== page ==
What are the options for dentures?
The loss of one or more teeth is not only an aesthetic problem, it also affects chewing and speaking functions. The only remedy is to replace the lost teeth prosthetic measures bring.
Dental prosthesis is a generic term that describes ways in which tooth defects or entire teeth or groups of teeth can be replaced. A distinction is primarily made between whether the dentures are fixed or is removable.
To include fixed dentures For example, crowns or bridges that can replace tooth parts or gaps. Alternatively there is removable Dentures that usually replace a group of teeth or a large part of the teeth. The removable dentures include, for example Full denture or Partial dentures as the telescope- or the Model casting prosthesis. Combinations, i.e. fixed-removable dentures, are also possible.
Furthermore, the anchoring of dentures differs: Is a denture such as the full denture anchored only by soft tissue or is a denture attached by teeth or implants? Implants have created a new dimension in fixed dentures for patients without their own teeth, which was unimaginable a few years ago.
Which dental prosthesis is individually suitable depends on the jaw, teeth and general health of the person concerned. In addition, careful planning and pretreatment, as well as your own oral hygiene, are decisive for the durability of a denture.
A crown is a fixed denture to build up individual teeth, the portion of which above the gums has been partially destroyed by caries, trauma or the like. To do this, the tooth is prepared in a specific shape so that the crown fits perfectly. The tooth is ground relatively steeply so that the crown is sufficient Retention, so has hold.
After grinding, an impression is made and the crown is made by a dental technician in the laboratory, so that it is usually completed after a week. The crown as a fixed dental prosthesis is divided into its materials and designs. Full cast crowns are made entirely of metal, but can also be used as Veneer crown contain metal only as the bottom layer and be veneered with ceramic or plastic on the outside. There are also jacket crowns that are made entirely of ceramic or are also known as jacket crowns.
A crown can also compensate for a malformation or a misalignment and thus restore the aesthetics. The cost of a crown is between 250 and 800 euros, depending on the version.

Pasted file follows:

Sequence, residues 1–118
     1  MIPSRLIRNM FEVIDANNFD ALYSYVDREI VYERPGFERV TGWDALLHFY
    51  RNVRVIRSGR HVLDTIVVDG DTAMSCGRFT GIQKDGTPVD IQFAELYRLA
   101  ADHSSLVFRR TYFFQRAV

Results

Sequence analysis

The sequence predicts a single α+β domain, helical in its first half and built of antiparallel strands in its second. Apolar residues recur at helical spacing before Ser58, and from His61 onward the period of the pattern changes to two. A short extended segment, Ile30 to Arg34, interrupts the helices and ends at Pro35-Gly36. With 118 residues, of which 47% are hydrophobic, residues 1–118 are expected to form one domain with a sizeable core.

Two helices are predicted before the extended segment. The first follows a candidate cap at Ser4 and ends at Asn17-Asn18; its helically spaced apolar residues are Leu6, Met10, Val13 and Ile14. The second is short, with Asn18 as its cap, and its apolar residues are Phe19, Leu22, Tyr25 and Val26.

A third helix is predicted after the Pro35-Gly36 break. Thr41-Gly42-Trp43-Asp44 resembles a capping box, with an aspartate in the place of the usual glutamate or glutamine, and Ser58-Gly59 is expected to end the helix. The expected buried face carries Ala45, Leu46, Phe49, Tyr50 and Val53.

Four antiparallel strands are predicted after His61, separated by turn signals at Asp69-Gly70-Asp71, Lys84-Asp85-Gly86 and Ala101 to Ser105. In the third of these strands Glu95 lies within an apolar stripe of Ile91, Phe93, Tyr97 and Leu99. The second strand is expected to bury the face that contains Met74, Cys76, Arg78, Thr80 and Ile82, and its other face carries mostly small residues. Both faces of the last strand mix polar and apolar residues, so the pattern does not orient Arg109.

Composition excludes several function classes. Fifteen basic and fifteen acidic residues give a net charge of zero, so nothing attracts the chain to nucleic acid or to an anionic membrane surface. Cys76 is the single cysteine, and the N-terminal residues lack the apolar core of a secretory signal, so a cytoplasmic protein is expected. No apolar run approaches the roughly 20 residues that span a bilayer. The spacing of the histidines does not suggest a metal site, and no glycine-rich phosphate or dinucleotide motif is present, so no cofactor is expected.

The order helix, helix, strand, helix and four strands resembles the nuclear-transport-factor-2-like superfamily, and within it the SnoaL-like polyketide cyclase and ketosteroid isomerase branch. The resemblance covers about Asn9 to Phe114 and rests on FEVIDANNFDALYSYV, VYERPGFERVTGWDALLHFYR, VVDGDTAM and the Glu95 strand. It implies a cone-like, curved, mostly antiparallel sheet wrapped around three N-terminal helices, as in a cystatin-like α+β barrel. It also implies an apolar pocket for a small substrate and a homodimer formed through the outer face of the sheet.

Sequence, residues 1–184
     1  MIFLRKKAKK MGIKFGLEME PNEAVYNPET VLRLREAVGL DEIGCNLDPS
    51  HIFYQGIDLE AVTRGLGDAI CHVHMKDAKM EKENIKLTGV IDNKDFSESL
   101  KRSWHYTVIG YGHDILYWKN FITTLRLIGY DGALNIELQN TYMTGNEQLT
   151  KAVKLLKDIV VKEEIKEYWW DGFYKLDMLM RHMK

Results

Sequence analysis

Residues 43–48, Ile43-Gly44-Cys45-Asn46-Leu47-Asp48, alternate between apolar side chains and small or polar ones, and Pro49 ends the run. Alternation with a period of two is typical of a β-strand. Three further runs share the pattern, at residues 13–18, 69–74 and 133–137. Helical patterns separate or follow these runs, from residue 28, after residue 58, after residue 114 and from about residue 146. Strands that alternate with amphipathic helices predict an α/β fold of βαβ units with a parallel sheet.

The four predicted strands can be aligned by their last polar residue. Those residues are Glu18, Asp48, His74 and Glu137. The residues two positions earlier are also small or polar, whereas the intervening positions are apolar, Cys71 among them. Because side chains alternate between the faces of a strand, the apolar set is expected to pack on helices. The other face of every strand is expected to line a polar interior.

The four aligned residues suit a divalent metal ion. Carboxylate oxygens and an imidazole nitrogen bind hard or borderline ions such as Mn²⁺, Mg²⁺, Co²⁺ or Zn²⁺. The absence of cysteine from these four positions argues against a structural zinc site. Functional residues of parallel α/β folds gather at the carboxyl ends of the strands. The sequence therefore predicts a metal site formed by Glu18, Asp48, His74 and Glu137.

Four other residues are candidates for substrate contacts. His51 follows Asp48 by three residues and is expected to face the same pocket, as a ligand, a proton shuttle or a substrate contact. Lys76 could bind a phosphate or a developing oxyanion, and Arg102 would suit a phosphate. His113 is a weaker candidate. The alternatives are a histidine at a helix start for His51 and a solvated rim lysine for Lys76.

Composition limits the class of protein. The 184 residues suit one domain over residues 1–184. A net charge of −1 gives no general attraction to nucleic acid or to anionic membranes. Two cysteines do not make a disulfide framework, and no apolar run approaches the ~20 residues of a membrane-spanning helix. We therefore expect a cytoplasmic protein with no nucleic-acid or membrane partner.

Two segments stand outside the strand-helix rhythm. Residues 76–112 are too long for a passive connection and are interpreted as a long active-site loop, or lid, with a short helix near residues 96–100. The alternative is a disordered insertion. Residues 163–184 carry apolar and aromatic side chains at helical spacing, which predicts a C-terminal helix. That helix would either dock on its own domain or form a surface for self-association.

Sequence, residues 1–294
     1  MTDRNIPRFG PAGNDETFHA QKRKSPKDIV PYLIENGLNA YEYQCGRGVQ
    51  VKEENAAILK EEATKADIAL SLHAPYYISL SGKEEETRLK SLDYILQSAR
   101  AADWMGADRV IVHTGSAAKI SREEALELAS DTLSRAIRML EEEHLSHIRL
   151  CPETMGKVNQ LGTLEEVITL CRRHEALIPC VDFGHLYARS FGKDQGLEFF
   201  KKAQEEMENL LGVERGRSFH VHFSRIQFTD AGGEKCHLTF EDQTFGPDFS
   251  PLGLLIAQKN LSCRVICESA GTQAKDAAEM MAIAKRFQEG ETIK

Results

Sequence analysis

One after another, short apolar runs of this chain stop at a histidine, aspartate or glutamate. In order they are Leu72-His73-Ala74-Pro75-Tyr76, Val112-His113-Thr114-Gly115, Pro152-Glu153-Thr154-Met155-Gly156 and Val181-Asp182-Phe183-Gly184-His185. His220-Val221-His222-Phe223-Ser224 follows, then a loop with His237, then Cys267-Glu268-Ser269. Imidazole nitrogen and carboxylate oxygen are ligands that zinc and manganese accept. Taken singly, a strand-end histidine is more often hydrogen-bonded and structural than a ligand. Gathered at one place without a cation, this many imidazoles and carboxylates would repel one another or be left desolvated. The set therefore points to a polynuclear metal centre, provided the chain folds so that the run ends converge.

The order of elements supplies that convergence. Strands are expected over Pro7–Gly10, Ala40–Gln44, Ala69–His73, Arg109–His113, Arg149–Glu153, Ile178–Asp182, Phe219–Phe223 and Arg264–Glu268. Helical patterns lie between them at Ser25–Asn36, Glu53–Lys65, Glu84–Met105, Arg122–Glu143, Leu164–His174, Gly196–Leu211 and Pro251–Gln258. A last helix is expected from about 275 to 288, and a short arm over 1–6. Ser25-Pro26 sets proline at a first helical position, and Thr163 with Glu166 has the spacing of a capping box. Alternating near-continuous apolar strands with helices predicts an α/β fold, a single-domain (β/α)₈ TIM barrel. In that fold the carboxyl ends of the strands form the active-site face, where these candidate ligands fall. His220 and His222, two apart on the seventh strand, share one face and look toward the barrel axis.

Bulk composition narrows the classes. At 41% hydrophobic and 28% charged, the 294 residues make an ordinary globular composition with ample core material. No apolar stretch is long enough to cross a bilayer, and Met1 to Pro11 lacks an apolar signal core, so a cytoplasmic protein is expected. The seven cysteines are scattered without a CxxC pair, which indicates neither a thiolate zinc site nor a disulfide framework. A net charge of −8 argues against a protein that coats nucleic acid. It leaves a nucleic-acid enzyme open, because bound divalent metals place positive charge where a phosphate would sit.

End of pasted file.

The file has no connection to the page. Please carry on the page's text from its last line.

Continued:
You can find more information on the main page: The tooth crown
A dental bridge is a fixed dental prosthesis to fill gaps, which is anchored on natural teeth or implants with the help of crowns. The teeth or implants are called Bridge piers called the crowns as Bridge anchor and the replaced teeth as Intermediate link. Depending on the construction, one differentiates between these types of bridges:
- single span bridges fill a single gap
- multi-span bridges close several gaps
- End pier bridges indicate that the pontic lies between two abutment teeth
- Cantilever bridges only hang from one pillar, the other end is exposed
- Hybrid bridges are carried by an implant on one side and a tooth on the other
- Maryland Bridge / Adhesive Bridge: This bridge is specially designed for an area of the teeth that experiences little stress and is therefore in the front. The bridge pontic is only attached to the neighboring teeth by means of two wings and is an aesthetically high-quality restoration. The dental bridge represents the alternative of a gap treatment to the implant, which is required by patients when an implant is not possible, for example due to insufficient bone.
The cost of a bridge varies depending on the size and requirements of the materials. A three-unit bridge that fills the gap in a lost tooth is roughly in the range of 800 to 1500 euros.
Find out more at: The dental bridge as a dental prosthesis
The term denture is a parent term, which describes a variety of types of removable dentures. For the layman, the classic denture is a full denture, which is often called "third teeth" referred to as. The full denture is intended to replace the entire teeth and consists of a plastic base with integrated plastic or ceramic teeth. The cost of a full denture in the upper and lower jaw is between 800 and 1000 euros. Ceramic teeth are a bit more expensive than plastic teeth, but they don't wear out as quickly.
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In addition to full dentures, there are also partial dentures that replace part of the teeth and fill gaps. A distinction is made here between model cast prostheses and telescopic prostheses. Model cast prostheses are anchored to the remaining teeth by cast metal brackets, the teeth to be replaced are either made of plastic or ceramic. Telescopic prostheses work via a double crown system. The remaining teeth are through a Primary telescope, a cemented crown covering what is called a snug fit into the denture Secondary telescope can be fitted. The telescopic prosthesis offers a good hold and a high level of aesthetics. In terms of price, it is therefore usually more expensive than a model cast prosthesis and depends on how many teeth are still there.
The palate plate
The palate plate in the upper jaw is necessary in some jaws in order to maintain the hold of a dental prosthesis through sufficient suction. Due to gravity, a prosthesis without a palatal plate would simply fall off.
Also read: Denture of the upper jaw
However, some patients have problems with it due to strong gag reflex and cannot tolerate a palate plate. In the upper jaw, a completely palate-free prosthesis can only exist with a number of six teeth or implants. If there are fewer teeth or implants, the prosthesis must have a certain part of the palate in order to guarantee the hold. The palate plate is therefore always present in the case of full dentures, for example.